Charity Choices

Charity Choices

My friend Alice is running – and cycling and swimming – to raise money for charity.

I always knew training and racing in endurance sports to be fundamentally selfish. For some, myself included, the focus on the self is the best part of it – the ‘me time’ of it. Nothing compares to the feeling of being in the zone: it’s meditation through motion. It’s a wonderful thing, but it is selfish, and it must be to be effective. Couple that with the copious quantities of time most of us spend training, and there comes a point when it becomes necessary to give a little back.

There are ways to incorporate societal gain into endurance sports of course. Probably the most straightforward option is to raise money for a charity – you know, hit up you family, friends, and coworkers for a few spare dollars for swimming, biking, or running. Some events make this mandatory like the Princess Margaret Ride to Conquer Cancer, the Heart and Stroke Ride for Heart, and the Terry Fox Runs. With more than 85,000 registered charities in Canada to choose from, making the right call on where to funnel your hard fund-raised dollars is not easy. What’s more, the ‘right’ decision for me is not necessarily the right decision for you.

Charity Intelligence Canada – – is a website that tries to sort through all of the options. They provide summaries of financial reports from the major charities, but do a great job of not interpreting those figures in a way that may skew a reader’s opinion on any given one. And here is where my personal bias comes into my decision-making: a charity with a high overhead – a lot of spending on administration, salaries, and fundraising – is a poor choice for a donor like me who is looking to ensure that a large portion of each donated dollar go to grants or programs. I’m not interested in financing bloated corporate salaries and lavish fundraising banquets. On the flip side, a well-paid executive board may be viewed as an asset by a donor who values organizations with corporate-like management structures.

With that disclaimer in mind, here’s a very brief comparison of the financials taken from Charity Intelligence for three charities that do a great deal of fundraising through endurance sport.

  • The Heart & Stroke Foundation of Ontario
    • Major Fundraising Sporting Event: Ride for Heart
    • Administrative costs as % of revenues (2010): 10.9%
    • Fundraising costs as % of donations (2010): 49.1%
    • Average compensation: $70,590
    • Number of employees earning more than 200k: 5
  • Terry Fox Foundation
    • Major Fundraising Sporting Event: Terry Fox Run
    • Administrative costs as % of revenues (2010): 5.2%
    • Fundraising costs as % of donations (2010): 13.1%
    • Average compensation: $59,418
    • Number of employees earning more than 200k: 0
  • Princess Margaret Hospital Foundation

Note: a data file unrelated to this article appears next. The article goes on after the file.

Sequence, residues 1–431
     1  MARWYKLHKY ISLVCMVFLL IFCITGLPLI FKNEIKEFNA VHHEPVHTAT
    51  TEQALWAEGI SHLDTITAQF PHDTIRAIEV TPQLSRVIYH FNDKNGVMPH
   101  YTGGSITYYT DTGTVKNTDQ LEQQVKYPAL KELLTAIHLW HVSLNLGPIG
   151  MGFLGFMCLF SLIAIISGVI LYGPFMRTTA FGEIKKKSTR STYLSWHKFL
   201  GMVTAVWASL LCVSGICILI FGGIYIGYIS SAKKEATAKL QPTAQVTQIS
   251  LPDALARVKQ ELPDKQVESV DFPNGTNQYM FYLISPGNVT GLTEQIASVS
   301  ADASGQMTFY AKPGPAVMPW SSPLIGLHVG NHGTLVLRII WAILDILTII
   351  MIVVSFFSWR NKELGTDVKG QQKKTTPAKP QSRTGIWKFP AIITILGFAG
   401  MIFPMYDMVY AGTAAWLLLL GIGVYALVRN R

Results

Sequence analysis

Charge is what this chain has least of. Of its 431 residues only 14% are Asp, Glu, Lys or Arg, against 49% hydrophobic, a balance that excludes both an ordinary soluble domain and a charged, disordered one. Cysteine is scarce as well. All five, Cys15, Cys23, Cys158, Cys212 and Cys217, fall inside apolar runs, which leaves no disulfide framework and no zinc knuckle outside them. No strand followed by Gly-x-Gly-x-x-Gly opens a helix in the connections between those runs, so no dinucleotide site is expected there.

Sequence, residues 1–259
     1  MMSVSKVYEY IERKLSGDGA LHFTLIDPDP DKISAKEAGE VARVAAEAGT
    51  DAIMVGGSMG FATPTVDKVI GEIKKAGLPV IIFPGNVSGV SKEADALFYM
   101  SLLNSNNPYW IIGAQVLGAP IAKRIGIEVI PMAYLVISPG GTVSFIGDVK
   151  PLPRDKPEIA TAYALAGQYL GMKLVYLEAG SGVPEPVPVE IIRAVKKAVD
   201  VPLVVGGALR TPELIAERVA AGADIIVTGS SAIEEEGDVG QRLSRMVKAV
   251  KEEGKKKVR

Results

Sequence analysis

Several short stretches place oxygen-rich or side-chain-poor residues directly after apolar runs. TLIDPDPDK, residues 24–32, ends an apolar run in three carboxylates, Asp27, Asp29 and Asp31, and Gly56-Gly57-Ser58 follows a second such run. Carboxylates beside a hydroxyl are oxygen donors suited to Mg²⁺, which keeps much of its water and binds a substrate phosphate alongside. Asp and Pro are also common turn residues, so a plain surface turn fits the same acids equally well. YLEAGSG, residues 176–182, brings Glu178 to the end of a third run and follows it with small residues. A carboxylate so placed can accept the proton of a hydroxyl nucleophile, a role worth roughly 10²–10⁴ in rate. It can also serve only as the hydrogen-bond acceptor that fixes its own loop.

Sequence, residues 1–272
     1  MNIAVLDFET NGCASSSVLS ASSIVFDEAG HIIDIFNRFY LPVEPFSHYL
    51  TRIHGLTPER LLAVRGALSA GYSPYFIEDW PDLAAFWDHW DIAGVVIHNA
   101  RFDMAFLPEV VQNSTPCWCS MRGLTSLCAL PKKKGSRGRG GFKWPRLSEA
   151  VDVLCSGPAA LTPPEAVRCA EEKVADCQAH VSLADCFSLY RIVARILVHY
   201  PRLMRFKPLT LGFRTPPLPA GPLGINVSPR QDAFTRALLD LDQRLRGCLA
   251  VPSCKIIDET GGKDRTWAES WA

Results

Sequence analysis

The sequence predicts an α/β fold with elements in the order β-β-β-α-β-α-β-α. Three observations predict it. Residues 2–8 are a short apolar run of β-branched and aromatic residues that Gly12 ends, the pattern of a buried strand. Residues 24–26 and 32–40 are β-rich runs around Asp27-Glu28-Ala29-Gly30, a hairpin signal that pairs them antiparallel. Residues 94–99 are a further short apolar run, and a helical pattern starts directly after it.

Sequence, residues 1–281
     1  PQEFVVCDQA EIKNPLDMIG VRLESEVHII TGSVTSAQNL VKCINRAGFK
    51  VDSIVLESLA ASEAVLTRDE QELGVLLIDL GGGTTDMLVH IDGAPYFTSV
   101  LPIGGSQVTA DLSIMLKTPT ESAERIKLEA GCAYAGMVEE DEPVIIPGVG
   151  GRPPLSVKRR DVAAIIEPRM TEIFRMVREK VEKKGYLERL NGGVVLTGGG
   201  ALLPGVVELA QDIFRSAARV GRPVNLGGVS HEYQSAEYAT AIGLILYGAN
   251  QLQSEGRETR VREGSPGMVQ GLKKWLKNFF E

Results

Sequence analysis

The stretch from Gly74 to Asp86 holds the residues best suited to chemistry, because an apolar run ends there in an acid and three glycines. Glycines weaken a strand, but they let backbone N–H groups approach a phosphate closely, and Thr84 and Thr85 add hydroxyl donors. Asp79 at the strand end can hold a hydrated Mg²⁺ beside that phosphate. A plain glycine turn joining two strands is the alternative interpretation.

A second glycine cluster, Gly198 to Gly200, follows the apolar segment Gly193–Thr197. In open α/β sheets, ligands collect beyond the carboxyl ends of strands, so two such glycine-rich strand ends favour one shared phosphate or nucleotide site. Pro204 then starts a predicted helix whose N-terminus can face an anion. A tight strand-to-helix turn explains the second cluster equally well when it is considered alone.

• Major Fundraising Sporting Event: Ride to Conquer Cancer
    • Admin & fundraising costs as % of revenues (2010): 25.8%
    • Fundraising costs as % of donations (2010): N/A included in above
    • Average compensation: $113,522
    • Number of employees earning more than 200k: 5

This is just a smattering of data. Charity Intelligence has loads more. It’s important to be informed and it’s good to know that the information is out there for that very purpose.

Despite my disdain for excessive administrative and fundraising costs, I will say this: the events that some of the more top-heavy charities put on may be worth those dollars. The Heart & Stroke Ride for Heart attracted 13,000 cyclists this year. The Princess Margaret Ride to Conquer Cancer hosted 4,600. There is substantial societal benefit from the events in and of themselves in that thousands of people are motivated to train and stay active by participating. This is not insignificant and should not be ignored.

Back to Alice and her charity of choice: the Terry Fox Foundation. Based on my research – and my personal feelings on the matter – it looks like the TFF folks are doing it right. Their numbers show low overhead, no obscene corporate salaries, and the vast majority of costs (88% in 2010) going directly to fund research. I’m proud to be small part of her fundraising efforts. She’s holding a fundraiser on July 26th to reach her ambitiously awesome goal of $5,000. You can help her reach her goal by attending:

Charity is cool. With the options plentiful and the spare change limited, it’s only logical that the decision where to give be an informed one. Voting with your dollar is effective. By supporting charities that embrace your own values and spend money responsibly, you can help those organizations grow. It’s worth the research.

I’d love to hear about your decision making process in chosing a suitable charity. Drop me a line.

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